Figure 2: Deconvolution of the Raman spectra for the CdS reference film (L0).
Table 2: Summary of centers and FWHM (in parentheses) for the different optical vibrational modes observed in all set Raman spectra.

Figure 3 shows the set of Raman spectra of the different samples for their comparison. Each of these spectra was deconvoluted in nine Lorentzian line shape signals, which are observed at 235, 255, 300, 344, 370, 560, 598, 630, and 680 cm−1 approximately. Here, in all the spectra, a similar behavior can be detected, also that the LO and 2LO optical modes do not undergo any significant shift with the immersion time, maintaining their position near to 300 and 598 cm−1, respectively (Table 2). The corresponding positions for the different optical vibrational modes observed in the complete set of samples and the results are collected in Table 2. According to the literature, the optical vibrations located at ≈235 and 252 cm−1 can be classified as doubly degenerate E1(TO), while vibration observed at ≈254 cm−1 is commonly assigned either to surface optical (SO) or zone-edge (ZE) phonons (mainly in studies concerned with free-standing nanoparticles).

Figure 3: Raman spectra set obtained for the CdS : Cu films obtained by ionic exchange process in aqueous solution.

On the contrary, Raman bands located at 344, 377, and 560 cm−1 are the results from the active participation of the multiphonon scattering processes E2(m) or some combination these modes. In this sense, the asymmetry in the high frequency side of the LO optical mode can be denoted as HFS (high-frequency shoulder) which assumes the combination of the Raman signals located at 344 and 377 cm−1, respectively, as proposed in the earlier literature [31, 35, 36]. Similarly, the low-frequency asymmetry of the 2LO mode (344 cm−1) can be assigned to combination of (LO + E2) and/or (LO + E1/TO) modes, and similar assignments have been found in the literature for the SO mode, derived from the sum of frequency and shape [36].

The modes located at 630 and 680 cm−1 around the 2LO peak have been assigned similarly to the HFS of the LO one (combination of multiphonon processes) [36]. Finally, from Raman analysis it can be noted that both low- and high-frequency asymmetry correlates with the density of phononic states and therefore can be related with phonon modes (or their combinations) activated by surface of the grains, with the latter playing the role of disorder for bulk-like phonons as described by Han and Bester [37].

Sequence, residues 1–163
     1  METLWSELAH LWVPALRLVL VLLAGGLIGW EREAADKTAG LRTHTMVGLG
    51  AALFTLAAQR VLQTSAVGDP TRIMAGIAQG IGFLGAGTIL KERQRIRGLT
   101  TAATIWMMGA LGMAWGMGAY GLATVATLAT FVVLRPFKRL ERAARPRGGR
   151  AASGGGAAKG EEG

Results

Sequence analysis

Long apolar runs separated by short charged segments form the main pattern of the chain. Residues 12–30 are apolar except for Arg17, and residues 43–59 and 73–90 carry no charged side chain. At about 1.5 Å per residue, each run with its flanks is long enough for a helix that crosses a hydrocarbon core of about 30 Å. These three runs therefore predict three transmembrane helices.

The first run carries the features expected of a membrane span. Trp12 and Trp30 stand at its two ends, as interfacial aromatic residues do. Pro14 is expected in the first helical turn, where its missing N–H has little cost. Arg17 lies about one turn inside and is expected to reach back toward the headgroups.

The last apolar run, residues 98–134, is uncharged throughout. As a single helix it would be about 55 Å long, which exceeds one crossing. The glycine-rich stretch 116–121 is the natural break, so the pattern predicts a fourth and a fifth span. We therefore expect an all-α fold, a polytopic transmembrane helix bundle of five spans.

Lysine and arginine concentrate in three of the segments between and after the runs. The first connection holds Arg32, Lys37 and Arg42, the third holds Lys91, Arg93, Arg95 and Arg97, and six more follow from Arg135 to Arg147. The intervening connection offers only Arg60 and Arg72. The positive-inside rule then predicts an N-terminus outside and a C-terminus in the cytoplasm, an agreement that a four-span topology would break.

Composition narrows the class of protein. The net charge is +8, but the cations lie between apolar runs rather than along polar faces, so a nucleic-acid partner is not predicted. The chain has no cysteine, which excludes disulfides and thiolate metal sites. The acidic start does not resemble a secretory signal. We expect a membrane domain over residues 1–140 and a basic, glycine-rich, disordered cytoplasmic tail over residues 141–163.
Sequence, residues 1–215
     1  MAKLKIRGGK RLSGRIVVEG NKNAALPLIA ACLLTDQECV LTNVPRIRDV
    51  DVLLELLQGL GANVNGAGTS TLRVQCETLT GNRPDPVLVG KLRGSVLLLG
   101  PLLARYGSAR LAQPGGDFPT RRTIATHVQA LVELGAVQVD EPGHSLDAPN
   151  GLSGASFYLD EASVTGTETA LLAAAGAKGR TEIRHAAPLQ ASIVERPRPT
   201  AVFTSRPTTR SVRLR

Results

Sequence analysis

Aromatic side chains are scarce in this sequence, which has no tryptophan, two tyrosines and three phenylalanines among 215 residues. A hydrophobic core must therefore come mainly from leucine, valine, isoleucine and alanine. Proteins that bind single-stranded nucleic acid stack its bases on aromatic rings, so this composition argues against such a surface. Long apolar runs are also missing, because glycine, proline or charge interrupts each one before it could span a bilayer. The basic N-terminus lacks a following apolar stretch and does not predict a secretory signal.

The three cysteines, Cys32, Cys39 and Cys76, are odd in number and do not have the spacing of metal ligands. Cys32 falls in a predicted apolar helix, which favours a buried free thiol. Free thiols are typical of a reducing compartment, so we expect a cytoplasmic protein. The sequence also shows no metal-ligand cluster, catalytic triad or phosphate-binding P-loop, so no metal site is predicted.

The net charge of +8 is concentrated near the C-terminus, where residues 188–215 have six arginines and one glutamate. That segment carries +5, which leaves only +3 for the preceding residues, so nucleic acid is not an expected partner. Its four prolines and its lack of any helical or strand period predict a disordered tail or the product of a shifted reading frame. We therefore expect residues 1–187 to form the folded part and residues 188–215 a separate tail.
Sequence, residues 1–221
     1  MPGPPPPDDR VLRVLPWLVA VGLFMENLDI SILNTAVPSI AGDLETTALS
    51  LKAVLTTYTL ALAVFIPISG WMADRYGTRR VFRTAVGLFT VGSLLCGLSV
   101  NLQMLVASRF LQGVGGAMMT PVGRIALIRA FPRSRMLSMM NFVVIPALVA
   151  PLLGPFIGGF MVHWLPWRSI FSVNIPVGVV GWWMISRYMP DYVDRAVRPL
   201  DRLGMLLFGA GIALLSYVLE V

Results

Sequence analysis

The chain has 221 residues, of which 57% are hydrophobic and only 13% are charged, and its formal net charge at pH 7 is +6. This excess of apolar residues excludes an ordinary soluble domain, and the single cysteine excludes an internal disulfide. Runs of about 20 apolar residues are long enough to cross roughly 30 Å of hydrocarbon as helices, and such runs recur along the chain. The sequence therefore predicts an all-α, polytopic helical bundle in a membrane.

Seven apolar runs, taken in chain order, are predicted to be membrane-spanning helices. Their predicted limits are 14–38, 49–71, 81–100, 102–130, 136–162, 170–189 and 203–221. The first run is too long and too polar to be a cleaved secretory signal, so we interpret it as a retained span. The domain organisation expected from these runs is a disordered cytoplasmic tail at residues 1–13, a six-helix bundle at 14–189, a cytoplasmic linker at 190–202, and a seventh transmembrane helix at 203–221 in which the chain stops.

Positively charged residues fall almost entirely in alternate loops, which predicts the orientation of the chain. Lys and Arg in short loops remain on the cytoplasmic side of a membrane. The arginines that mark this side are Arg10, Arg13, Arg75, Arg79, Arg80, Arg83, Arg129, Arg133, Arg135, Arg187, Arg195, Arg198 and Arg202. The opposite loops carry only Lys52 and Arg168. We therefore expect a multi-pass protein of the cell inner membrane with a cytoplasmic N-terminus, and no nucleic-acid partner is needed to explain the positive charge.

Note that in Figure 3, any feature related with the formation of copper sulfide phase during the immersion of the CdS films in the cationic solution are not displayed, since the vibrational modes corresponding to the S-S bonds (intense peak at 465 cm−1) are not displayed, and this evidence confirms that any copper sulfide phase was formed during the immersion of the CdS films in the cationic solution (or its amount is below the detection limit) [3840].

3.2. Morphological and Compositional Properties

Figure 4 shows the SEM micrographs of some samples, including the CdS film reference. Figure 4(a) corresponds to the CdS reference. It can be observed that this sample presents a homogeneous distribution of particles with a compact and uniform appearance.

Figure 4: SEM images of CdS thin films placed into CuCl2 solution at different immersion times (a) CdS reference, (b) 60 min, (c) 75 min, and (d) 90 min.

In Figures 4(b)4(d), a clear change in the surface morphology is observed in the samples immersed during 60, 75, and 90 min, respectively. In these micrographs, an increase in the particle size as well as nonuniform agglomerates at perpendicular direction to substrate is observed. At 60 min, it was detected that the immersion into the CuCl2 solution promotes a change in the particle size, yielding a change in the surface morphology of the sample. Also, at larger immersion times, the formation of nonuniform agglomerates is observed, promoting a rougher and less smooth surface. Similar morphologies have been observed in CuxS thin films obtained by chemical bath deposition, in particular our research group has reported similar morphologies in CuxS thin films obtained by ammonia-free process [41].